Thursday, November 29, 2007

Answering search query: intonation for beginning orchestras

I spy on my readers: I love checking "my Statcounter" to see who's reading the blog, and what they're looking for when they get there. People often stumble on this site because they were searching for how to install a power outlet or strip paint using a heat gun. I always think that's pretty funny, and I love the idea that there's actually someone idiotic enough to take home improvement advice from my blog. They deserve the electrocution and subsequent house fire I'm sure they ended up receiving.

Here's an interesting search field that brought someone here recently, though: "intonation for beginning orchestra". That's something I've gotten much better at teaching over the last year or two, and I'm starting to hear some good results from students who couldn't previously play in tune.

If you're am elementary string teacher, I advocate for a multi-sensory approach to teaching intonation. Activate their visual sense with reference points on the fingerboard. Encourage them to "feel" the placement of their arm/wrist/fingers as they play the note in tune. Get them to listen to themselves and the sounds around them. I refrain from the taste and smell exercises recommended elsewhere (my students aren't allowed to lick their instrument. It's a rule: they have to join band if they want to do that stuff).

The Visual - Yes, lines or stickers on the fingerboard can help alot; I tend to avoid them for as long as possible, though. I don't like the effect on the student's posture when they start to stare at the marks on their fingerboard: all the visual learners (constituting most of the population, from my experience) want to stare at the stickers or marks as soon as they get them, and are likely to forget all of the good playing habits they've learned. When students do that, I make them close their eyes and play slowly. At first, they seem to think they won't put the right finger down if they can't see it. They are usually pleasantly surprised to find out they can play the right notes to a major scale or "twinkle" with their eyes closed. Then they start actually listening to themselves. If you do this, it's a good opportunity to gain control of the pace off the lesson, reminding the student of all of the elements of good performance posture ("head into the violin", "wrist hanging down", "relax the shoulder" or what have you).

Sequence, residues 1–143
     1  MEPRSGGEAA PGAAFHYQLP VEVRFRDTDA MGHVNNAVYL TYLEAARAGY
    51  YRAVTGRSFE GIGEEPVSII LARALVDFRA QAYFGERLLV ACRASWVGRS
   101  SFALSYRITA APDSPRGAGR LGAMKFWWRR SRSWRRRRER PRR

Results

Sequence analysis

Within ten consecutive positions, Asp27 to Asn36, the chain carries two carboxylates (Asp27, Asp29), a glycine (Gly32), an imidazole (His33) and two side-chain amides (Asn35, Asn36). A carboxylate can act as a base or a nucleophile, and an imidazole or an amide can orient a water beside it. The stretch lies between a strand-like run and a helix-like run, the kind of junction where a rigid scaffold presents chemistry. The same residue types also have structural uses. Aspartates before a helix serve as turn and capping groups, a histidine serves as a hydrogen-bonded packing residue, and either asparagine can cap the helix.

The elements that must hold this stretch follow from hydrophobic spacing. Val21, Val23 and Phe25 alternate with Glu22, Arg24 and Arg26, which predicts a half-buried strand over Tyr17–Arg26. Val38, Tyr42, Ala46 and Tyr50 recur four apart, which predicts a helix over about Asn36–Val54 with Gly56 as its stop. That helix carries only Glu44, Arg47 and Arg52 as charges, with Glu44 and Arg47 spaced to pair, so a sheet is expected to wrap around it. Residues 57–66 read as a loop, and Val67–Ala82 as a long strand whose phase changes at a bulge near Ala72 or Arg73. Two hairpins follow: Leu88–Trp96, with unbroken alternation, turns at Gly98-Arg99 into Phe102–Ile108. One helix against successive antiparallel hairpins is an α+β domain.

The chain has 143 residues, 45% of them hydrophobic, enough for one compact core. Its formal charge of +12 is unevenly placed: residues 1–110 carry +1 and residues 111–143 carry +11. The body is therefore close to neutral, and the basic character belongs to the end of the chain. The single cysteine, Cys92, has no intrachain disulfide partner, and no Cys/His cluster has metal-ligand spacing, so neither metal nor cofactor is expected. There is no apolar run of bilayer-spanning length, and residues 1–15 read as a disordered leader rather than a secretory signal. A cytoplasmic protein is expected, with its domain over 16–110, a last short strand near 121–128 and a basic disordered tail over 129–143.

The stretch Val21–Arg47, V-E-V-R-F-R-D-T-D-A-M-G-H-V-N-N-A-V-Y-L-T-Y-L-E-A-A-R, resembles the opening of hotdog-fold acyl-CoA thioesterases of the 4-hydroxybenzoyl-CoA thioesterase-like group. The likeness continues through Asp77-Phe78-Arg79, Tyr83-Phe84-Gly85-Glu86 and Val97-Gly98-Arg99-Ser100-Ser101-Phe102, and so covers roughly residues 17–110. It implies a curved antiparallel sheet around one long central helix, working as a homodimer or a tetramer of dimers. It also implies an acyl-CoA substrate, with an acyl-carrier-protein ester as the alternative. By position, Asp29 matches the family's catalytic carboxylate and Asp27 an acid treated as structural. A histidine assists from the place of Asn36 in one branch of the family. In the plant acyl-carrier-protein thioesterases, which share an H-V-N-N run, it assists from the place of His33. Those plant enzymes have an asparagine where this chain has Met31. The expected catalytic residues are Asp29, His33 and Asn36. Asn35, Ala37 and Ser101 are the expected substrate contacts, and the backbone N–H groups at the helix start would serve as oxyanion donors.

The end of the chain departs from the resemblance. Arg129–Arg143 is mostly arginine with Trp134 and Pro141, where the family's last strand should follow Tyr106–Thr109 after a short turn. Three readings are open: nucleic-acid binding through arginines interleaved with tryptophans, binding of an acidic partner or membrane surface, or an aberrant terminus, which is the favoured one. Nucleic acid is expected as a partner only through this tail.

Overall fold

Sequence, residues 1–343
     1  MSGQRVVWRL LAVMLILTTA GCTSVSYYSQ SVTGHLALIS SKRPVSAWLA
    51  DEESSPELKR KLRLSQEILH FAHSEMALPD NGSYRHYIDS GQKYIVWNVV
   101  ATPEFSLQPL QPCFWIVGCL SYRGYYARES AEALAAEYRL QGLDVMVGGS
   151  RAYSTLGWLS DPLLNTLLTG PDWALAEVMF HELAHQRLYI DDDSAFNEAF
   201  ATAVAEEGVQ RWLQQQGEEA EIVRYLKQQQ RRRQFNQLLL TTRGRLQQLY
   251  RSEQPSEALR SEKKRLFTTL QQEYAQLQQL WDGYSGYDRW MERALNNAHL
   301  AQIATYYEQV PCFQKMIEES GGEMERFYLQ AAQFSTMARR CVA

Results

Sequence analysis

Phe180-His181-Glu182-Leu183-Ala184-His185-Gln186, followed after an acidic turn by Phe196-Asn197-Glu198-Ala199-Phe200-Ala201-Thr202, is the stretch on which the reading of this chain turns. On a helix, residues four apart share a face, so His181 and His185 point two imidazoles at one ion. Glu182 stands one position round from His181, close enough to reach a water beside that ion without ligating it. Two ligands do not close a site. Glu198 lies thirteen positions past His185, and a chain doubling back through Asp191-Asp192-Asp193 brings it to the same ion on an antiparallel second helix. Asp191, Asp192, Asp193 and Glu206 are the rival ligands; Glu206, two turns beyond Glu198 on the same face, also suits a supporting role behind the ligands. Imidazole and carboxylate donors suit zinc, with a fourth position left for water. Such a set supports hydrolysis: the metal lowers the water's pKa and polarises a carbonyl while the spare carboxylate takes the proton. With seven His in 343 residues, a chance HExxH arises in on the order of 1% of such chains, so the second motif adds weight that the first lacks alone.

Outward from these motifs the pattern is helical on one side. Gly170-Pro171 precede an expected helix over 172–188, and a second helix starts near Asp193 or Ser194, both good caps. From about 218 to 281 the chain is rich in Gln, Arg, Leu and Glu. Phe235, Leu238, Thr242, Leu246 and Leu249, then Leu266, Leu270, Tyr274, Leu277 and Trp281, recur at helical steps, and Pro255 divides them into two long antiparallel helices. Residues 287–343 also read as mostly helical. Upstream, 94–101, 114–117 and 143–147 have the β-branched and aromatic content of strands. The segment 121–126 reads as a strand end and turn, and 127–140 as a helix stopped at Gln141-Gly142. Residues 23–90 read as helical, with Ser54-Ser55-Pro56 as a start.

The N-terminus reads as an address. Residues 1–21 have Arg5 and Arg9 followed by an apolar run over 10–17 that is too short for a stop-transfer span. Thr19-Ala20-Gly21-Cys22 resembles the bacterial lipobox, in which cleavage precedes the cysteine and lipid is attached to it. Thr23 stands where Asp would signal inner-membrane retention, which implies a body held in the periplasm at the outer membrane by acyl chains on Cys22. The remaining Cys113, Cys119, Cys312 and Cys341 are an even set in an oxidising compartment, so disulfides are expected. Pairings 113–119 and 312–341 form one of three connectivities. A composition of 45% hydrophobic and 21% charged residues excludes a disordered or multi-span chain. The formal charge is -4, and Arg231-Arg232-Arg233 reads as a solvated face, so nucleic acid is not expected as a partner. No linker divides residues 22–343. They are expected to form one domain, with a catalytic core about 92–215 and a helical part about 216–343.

The Tactile - I try to get the kids to remember the feeling of their hands when in the right position. I don't know any tricks for doing this: I just tell them to close their eyes (if they are one of the very visually focused kids) and "feel" their hand. I always feel like Yoda when I do this. As an intersting side note, there is a professional orchestral mallet player who is totally deaf, but can play correct pitches by feel. There is probably a way to incorporate "feeling" the correct pitches into elementary string lessons, but I haven't gotten there yet.